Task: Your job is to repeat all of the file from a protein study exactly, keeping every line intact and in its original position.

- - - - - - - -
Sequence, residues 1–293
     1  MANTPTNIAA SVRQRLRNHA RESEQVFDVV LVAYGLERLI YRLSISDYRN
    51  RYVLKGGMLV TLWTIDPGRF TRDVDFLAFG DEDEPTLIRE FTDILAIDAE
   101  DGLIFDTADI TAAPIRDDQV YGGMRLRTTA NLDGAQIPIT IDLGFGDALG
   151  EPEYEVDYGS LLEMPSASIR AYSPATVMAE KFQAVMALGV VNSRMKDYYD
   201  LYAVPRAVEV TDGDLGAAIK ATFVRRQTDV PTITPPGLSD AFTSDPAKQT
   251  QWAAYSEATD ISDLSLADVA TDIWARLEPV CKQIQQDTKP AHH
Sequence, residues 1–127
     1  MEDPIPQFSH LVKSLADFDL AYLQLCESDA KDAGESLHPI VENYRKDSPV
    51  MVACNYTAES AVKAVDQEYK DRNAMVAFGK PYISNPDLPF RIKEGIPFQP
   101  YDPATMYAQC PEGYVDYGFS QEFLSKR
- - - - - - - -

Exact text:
Sequence, residues 1–293
     1  MANTPTNIAA SVRQRLRNHA RESEQVFDVV LVAYGLERLI YRLSISDYRN
    51  RYVLKGGMLV TLWTIDPGRF TRDVDFLAFG DEDEPTLIRE FTDILAIDAE
   101  DGLIFDTADI TAAPIRDDQV YGGMRLRTTA NLDGAQIPIT IDLGFGDALG
   151  EPEYEVDYGS LLEMPSASIR AYSPATVMAE KFQAVMALGV VNSRMKDYYD
   201  LYAVPRAVEV TDGDLGAAIK ATFVRRQTDV PTITPPGLSD AFTSDPAKQT
   251  QWAAYSEATD ISDLSLADVA TDIWARLEPV CKQIQQDTKP AHH
Sequence, residues 1–127
     1  MEDPIPQFSH LVKSLADFDL AYLQLCESDA KDAGESLHPI VENYRKDSPV
    51  MVACNYTAES AVKAVDQEYK DRNAMVAFGK PYISNPDLPF RIKEGIPFQP
   101  YDPATMYAQC PEGYVDYGFS QEFLSKR